Moved, That an humble Address be presented to Her Majesty praying that the regulations, laid before the House on 8th July, be annulled (S.I. 2003/1663).— (Baroness Blatch.)

7.50 p.m.

Earl Russell

My Lords, I am most grateful to the noble Baroness, Lady Blatch, for tabling this Prayer and for speaking to it so thoroughly and clearly. Those things needed to be said and I hope that she may have saved me a little time.

What strikes me strongly about these regulations is that they represent a belated recognition within Whitehall that what is now becoming one of the major problems for our public services is the fact that people do not want to work in them. It is shortage which has created the need for regulations such as these. That shortage is to be found up and down the country and complaints are being made everywhere.

Two years ago, I told the House in the debate on the humble Address that we were listening to the sound of turning worms. Now we have regulations to deal with the wormcasts, and I do not think that we should be too surprised about that. In future, it should be a major object of policy to make people rather more willing to work in public service jobs than they have been hitherto. So I am sure that the Minister will be as grateful as I am that we do not have to consider the housing element of that in today's debate.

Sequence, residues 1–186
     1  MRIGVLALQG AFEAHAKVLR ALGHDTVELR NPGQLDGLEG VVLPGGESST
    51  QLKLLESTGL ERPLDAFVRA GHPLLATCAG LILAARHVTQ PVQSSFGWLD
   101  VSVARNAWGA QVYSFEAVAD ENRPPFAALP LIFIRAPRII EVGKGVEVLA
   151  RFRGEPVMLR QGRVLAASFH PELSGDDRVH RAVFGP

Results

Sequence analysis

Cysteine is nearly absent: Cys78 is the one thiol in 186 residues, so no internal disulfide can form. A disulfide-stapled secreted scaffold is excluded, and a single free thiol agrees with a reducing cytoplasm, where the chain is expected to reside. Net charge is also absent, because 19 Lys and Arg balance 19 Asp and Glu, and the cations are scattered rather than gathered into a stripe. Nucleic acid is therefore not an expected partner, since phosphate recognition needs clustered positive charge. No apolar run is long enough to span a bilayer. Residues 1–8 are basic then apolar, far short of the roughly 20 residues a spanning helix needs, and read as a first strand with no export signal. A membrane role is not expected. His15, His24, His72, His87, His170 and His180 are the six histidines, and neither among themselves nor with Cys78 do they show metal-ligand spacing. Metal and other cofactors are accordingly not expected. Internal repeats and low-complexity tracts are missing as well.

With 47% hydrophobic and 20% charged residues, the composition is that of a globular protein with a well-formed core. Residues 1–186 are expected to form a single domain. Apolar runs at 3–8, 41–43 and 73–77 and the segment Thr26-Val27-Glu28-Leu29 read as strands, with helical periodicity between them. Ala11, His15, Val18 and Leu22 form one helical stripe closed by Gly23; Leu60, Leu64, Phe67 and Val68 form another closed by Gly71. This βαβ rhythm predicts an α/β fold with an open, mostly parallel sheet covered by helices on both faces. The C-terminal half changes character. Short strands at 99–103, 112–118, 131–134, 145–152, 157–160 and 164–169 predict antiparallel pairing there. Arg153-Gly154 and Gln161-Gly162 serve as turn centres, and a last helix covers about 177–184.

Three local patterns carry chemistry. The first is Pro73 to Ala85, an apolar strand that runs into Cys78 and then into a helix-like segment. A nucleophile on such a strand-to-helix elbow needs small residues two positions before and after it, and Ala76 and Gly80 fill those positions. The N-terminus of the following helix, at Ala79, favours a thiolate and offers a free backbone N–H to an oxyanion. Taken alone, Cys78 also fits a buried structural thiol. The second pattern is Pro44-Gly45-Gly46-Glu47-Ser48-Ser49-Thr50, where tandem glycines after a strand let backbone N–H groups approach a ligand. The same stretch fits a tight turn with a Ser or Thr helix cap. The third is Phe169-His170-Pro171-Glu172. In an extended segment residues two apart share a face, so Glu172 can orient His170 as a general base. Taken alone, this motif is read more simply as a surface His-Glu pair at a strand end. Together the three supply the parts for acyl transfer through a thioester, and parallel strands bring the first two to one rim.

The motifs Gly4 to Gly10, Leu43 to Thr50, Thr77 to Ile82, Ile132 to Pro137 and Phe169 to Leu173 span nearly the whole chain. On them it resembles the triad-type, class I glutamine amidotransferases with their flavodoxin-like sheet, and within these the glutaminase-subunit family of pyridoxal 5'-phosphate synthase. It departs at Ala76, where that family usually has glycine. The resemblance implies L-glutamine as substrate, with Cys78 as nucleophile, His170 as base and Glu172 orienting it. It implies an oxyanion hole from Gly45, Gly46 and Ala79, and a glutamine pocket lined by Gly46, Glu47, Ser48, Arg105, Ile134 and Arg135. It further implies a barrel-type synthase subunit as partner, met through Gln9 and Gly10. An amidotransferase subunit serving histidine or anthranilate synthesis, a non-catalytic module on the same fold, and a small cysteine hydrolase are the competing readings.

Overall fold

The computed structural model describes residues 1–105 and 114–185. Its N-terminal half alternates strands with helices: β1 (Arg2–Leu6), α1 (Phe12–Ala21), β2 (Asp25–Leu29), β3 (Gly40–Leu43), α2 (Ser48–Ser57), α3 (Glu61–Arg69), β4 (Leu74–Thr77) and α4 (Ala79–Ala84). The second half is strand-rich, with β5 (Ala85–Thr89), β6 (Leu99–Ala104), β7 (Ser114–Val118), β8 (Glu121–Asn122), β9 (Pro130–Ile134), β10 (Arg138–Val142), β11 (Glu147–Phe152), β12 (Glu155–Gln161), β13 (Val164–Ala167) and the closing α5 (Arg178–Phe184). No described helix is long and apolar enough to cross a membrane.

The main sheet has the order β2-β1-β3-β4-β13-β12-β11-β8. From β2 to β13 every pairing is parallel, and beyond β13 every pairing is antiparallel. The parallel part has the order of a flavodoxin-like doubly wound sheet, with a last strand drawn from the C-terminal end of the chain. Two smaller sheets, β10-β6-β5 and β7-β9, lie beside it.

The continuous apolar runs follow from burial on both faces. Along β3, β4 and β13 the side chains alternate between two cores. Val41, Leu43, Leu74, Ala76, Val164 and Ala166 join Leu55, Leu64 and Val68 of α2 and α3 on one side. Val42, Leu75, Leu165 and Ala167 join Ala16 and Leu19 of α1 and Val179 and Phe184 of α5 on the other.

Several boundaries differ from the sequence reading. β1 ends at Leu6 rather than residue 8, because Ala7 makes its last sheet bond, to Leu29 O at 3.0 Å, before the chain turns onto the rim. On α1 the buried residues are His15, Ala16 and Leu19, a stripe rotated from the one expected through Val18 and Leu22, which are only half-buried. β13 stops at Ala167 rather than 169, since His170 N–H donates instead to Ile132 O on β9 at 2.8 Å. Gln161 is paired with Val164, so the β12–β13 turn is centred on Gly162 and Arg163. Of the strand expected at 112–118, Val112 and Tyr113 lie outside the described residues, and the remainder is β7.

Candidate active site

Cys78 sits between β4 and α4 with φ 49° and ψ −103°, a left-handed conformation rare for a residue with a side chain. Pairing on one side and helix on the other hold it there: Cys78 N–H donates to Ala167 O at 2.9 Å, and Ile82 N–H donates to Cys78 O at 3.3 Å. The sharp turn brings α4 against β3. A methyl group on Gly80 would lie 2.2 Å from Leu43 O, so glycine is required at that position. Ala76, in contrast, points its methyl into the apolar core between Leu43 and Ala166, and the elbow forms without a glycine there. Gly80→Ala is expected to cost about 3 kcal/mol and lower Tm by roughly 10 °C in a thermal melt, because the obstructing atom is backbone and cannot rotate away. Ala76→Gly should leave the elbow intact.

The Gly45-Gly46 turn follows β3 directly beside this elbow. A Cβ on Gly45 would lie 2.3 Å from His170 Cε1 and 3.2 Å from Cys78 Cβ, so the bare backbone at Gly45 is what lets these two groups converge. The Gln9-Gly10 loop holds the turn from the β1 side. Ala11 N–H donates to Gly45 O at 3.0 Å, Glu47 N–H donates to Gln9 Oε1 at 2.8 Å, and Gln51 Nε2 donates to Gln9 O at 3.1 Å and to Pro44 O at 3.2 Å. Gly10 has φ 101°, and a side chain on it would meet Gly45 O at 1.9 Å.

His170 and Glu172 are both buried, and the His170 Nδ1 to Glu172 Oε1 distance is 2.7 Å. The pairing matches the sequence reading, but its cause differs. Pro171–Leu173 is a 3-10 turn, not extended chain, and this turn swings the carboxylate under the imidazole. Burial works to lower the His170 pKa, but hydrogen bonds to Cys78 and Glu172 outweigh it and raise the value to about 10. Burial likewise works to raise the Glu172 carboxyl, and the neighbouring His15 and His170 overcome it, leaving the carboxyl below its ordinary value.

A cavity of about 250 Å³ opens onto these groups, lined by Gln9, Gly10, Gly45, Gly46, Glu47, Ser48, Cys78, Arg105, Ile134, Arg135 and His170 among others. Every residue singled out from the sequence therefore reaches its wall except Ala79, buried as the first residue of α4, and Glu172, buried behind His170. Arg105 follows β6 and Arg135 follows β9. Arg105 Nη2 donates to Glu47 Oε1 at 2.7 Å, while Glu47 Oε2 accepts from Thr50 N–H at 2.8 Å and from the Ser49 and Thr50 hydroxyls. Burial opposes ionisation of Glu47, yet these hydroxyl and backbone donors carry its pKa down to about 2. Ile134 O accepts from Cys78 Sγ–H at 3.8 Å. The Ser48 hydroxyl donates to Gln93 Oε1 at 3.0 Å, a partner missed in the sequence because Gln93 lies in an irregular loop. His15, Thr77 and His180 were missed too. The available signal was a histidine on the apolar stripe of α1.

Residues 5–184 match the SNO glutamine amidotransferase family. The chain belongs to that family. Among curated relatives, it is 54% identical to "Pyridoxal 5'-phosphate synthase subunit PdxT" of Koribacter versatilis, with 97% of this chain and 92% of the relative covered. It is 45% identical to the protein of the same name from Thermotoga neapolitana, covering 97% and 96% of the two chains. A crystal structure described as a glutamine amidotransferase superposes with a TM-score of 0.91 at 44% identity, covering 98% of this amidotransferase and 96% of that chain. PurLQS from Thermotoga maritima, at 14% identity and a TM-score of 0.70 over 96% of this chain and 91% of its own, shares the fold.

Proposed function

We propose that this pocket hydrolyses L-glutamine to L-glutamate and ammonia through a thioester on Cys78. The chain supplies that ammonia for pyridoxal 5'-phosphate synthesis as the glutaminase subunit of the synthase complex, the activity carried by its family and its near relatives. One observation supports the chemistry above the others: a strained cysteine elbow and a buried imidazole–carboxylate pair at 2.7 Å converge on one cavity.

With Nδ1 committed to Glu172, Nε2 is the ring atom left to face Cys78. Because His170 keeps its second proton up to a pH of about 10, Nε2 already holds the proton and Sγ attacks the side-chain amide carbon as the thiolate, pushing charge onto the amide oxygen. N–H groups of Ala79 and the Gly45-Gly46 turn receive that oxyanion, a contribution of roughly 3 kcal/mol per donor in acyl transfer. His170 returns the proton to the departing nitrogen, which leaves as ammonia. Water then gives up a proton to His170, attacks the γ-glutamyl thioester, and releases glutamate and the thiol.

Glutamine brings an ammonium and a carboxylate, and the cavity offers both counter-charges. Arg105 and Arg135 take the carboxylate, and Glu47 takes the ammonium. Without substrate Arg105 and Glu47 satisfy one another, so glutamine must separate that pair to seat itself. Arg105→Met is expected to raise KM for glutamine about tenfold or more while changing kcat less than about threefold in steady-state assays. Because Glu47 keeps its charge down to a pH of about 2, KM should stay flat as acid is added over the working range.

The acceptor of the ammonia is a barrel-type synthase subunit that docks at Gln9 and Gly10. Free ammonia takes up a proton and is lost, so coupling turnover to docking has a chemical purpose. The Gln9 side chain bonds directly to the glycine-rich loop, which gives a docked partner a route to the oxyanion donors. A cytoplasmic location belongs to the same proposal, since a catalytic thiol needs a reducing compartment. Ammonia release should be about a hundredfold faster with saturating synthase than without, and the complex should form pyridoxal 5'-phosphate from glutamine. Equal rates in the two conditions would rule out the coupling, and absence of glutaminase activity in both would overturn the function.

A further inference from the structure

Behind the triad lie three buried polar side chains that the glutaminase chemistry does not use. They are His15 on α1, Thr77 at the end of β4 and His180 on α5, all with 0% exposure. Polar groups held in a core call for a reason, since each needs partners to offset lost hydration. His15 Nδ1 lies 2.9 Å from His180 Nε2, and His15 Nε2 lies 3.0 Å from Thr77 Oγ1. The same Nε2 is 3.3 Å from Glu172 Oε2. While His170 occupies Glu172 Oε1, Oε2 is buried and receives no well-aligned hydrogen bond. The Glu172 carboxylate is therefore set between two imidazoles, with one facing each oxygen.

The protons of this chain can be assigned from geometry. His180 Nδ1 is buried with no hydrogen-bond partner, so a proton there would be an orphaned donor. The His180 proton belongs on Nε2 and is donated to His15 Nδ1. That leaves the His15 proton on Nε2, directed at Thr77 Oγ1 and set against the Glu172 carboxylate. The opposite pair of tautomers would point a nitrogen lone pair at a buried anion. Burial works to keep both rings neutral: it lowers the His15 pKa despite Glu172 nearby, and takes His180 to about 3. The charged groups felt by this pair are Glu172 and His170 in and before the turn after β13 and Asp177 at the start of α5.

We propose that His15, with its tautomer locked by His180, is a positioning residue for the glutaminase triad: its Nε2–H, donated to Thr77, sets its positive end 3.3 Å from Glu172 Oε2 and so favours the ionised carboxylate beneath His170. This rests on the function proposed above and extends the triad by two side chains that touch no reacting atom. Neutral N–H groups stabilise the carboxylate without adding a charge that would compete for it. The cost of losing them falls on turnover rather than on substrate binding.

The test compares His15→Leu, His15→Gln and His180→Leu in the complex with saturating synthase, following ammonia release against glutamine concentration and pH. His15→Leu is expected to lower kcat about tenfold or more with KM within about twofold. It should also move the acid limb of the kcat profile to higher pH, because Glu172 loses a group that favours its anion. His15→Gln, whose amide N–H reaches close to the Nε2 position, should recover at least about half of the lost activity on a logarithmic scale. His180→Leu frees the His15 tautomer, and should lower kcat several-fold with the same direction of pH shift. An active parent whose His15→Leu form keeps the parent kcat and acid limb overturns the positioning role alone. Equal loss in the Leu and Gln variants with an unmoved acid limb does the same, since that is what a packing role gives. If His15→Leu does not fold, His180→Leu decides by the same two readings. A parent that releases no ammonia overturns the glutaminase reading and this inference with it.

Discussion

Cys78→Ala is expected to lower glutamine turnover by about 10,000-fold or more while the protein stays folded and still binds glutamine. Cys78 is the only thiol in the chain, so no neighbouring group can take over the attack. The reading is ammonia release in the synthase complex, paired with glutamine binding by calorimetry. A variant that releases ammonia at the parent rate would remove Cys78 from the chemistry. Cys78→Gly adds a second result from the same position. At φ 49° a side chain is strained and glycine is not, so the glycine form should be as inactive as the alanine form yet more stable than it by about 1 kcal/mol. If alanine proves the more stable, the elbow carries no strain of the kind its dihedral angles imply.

As the noble Baroness emphasised at the end of her speech, in anything that involves qualifications, some attempt must be made to strike a balance; I shall start there. When Members on these Benches express our dissatisfaction with these regulations, we have no wish to go back to the glorious days of the great demarcation disputes represented by Peter Sellers in his prime. We have no objection to the existence of assistants doing properly selected and appropriate jobs and—I stress that I agree with what was said by the noble Baroness, Lady Blatch—with the prospect of promotion if they show enough quality, range and imagination in carrying them out.

We do not need to insist that the normal qualifications should be the only way of showing merit. We remember, for example, the case of Professor Richard Titmuss, who was a university professor without ever having been awarded a first degree. That was perfectly proper because his merit was proved in other ways. In fact, personally I am in no position to disagree with this, having been one of the last three history professors in the country with no PhD. Perhaps I may say that one of the others was Professor Sir Keith Thomas. Anyone who becomes president of the British Academy may, I think, be assumed to have the qualifications for a professor.